#TechnologyDrivenAirmen #AdaptingAirForce

Today’s Airman is a multi-tasking and technology-driven Airman. Technology-driven Airmen are changing the way the Air Force and its leaders operate. Technology plays a role in how Airmen connect, perform their duties and how leaders share information. The way the Air Force has adapted and will continue to adapt to advances in technology is the reason the Air Force is the leader in cyberspace. (U.S. Air Force photo illustration by Airman 1st Class Ryan Sparks/released)

Today’s Airman is a multi-tasking and technology-driven Airman. Technology-driven Airmen are changing the way the Air Force and its leaders operate. Technology plays a role in how Airmen connect, perform their duties and how leaders share information. The way the Air Force has adapted and will continue to adapt to advances in technology is the reason the Air Force is the leader in cyberspace. (U.S. Air Force photo illustration by Airman 1st Class Ryan Sparks/released)

GRAND FORKS AIR FORCE BASE, N.D. -- A hit song plays quietly in the background. Every few minutes the phone in your pocket vibrates signifying another tweet or a "like" on Facebook. Your e-mail is on one screen while your current project is open on the other. The phone on the desk rings and you answer it without hesitation. This is a common occurrence in today's Air Force.

Today's Airman is a multi-tasking and technology-driven Airman. Most Airmen arriving to their first duty station were raised with technology at their fingertips. The Air Force, its leaders and its Airmen all must adapt to the positives and negatives created by the technology-driven Airman.

Capt. Luis Morales, 69th Maintenance Squadron maintenance operations officer, has been in the communications field for almost 20 years. He has witnessed the drastic change in technology first hand.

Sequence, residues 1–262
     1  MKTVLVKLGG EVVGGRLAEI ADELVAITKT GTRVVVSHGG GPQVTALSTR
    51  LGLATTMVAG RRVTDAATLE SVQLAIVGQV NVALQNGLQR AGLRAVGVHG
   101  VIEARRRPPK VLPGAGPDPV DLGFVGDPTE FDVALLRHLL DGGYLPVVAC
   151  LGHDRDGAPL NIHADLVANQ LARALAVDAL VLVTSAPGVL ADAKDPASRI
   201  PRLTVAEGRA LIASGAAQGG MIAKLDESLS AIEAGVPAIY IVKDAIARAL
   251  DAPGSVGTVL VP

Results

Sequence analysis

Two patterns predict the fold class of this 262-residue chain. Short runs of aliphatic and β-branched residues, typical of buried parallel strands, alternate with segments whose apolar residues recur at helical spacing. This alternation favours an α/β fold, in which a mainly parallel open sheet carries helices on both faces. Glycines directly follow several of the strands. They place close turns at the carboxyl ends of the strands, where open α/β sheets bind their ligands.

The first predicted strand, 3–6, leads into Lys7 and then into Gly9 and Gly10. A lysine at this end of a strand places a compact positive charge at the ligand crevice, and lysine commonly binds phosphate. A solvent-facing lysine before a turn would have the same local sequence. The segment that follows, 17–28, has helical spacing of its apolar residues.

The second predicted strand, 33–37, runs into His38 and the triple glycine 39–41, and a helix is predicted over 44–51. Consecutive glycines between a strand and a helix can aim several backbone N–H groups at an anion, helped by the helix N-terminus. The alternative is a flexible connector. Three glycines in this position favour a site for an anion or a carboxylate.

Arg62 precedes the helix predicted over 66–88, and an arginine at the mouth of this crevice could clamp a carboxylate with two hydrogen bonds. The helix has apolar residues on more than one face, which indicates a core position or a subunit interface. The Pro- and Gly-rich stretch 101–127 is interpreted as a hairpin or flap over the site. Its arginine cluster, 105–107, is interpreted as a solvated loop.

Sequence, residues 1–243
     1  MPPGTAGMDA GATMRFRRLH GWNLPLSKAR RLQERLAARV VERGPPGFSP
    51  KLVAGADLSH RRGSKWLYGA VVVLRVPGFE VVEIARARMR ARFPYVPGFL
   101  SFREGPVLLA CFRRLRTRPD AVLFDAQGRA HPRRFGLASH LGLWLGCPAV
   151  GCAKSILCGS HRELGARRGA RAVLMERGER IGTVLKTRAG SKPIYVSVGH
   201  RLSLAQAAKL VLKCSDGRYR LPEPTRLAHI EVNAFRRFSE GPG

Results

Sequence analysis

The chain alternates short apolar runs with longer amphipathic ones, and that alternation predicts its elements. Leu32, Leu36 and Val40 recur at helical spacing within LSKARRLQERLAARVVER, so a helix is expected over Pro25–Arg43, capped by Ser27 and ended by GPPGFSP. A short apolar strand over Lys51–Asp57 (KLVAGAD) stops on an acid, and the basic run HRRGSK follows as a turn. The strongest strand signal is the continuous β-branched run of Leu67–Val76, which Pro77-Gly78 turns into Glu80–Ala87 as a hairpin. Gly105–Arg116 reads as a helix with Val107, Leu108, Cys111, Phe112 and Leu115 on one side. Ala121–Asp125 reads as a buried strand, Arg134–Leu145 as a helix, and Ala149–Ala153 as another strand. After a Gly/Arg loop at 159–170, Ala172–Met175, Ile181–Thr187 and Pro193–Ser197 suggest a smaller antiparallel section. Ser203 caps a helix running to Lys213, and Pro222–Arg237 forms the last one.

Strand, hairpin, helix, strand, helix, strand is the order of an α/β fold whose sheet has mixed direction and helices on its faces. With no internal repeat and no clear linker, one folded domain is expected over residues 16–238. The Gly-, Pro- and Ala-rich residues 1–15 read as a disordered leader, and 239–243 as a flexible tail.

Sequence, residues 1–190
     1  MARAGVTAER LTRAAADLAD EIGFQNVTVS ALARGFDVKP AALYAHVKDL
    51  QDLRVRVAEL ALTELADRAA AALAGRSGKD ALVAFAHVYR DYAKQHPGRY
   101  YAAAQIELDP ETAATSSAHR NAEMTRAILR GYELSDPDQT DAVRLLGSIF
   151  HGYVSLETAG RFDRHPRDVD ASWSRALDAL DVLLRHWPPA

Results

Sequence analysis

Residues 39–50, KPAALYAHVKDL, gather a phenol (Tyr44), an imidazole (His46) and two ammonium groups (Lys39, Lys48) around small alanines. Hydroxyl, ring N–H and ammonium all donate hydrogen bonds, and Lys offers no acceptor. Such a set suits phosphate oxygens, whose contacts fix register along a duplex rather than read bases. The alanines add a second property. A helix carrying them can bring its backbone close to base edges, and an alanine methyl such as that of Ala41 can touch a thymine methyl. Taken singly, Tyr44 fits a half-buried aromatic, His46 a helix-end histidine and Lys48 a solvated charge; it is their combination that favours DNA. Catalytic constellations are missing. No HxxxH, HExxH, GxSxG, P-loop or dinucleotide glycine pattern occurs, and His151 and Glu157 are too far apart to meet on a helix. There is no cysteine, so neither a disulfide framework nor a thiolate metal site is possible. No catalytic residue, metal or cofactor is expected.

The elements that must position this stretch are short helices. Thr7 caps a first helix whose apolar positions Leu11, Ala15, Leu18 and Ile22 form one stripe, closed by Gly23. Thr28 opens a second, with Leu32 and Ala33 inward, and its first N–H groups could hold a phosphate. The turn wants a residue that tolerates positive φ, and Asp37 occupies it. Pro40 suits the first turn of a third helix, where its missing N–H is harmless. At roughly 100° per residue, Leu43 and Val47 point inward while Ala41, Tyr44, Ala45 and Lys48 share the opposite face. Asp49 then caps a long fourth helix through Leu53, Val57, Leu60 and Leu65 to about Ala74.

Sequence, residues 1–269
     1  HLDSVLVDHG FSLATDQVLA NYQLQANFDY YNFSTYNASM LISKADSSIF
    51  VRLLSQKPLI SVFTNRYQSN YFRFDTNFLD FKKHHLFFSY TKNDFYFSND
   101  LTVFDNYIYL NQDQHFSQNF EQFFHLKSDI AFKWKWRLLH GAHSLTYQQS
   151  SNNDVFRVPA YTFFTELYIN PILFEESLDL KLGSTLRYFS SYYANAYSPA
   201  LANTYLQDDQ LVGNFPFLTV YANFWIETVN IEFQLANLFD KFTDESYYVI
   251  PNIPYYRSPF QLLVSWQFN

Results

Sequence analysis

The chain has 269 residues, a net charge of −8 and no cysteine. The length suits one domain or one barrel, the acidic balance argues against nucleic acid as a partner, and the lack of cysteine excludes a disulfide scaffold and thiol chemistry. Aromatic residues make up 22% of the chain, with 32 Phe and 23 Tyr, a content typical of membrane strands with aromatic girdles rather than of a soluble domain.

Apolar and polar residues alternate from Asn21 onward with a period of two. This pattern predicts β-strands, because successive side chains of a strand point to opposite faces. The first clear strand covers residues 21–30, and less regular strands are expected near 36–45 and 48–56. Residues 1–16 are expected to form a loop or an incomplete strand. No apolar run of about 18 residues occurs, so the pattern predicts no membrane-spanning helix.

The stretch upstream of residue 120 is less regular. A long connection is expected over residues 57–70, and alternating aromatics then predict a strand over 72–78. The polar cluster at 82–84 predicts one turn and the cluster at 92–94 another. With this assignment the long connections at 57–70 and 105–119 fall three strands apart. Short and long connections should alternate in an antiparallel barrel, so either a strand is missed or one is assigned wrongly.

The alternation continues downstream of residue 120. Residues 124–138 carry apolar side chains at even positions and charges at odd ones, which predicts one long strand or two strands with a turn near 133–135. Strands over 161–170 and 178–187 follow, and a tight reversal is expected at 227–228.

"When I first came in nobody had cell phones," said Morales. "Nowadays everyone has a smartphone, which is basically a computer."

Young Airmen have been exposed to technology from a young age.

Senior Airman Corey J. Gainey, 69th Maintenance Squadron network support technician, grew up with technology.

"I feel that technology has spoiled me a bit. I can access everything I need at the push of a button. I can get information in minutes," said Gainey. "Technology has made life seem easy and it has given me a lot of shortcuts."

The Air Force has benefited from this increase in technology-driven Airmen.

"Airmen are smarter nowadays than they were 29 years ago when I joined.  They think differently and problem solve in different ways than I did as a young Airman," said 319th Air Base Wing Command Chief Master Sgt. David Duncan. "I am continually impressed with the knowledge of technology our Airmen bring to the fight today.  Since we are a much smaller force than we were in 1986, each Airman plays a much bigger role in today's Air Force mission.  This knowledge and ability to use technology will be key to the success of our Airmen and our Air Force in the future."